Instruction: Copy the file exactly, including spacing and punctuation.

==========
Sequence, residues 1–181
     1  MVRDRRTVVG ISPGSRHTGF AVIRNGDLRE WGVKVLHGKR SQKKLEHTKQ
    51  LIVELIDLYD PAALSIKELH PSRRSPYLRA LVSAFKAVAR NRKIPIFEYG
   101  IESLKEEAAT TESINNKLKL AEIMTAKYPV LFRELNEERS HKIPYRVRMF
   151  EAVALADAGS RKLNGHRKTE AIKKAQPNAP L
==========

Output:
Sequence, residues 1–181
     1  MVRDRRTVVG ISPGSRHTGF AVIRNGDLRE WGVKVLHGKR SQKKLEHTKQ
    51  LIVELIDLYD PAALSIKELH PSRRSPYLRA LVSAFKAVAR NRKIPIFEYG
   101  IESLKEEAAT TESINNKLKL AEIMTAKYPV LFRELNEERS HKIPYRVRMF
   151  EAVALADAGS RKLNGHRKTE AIKKAQPNAP L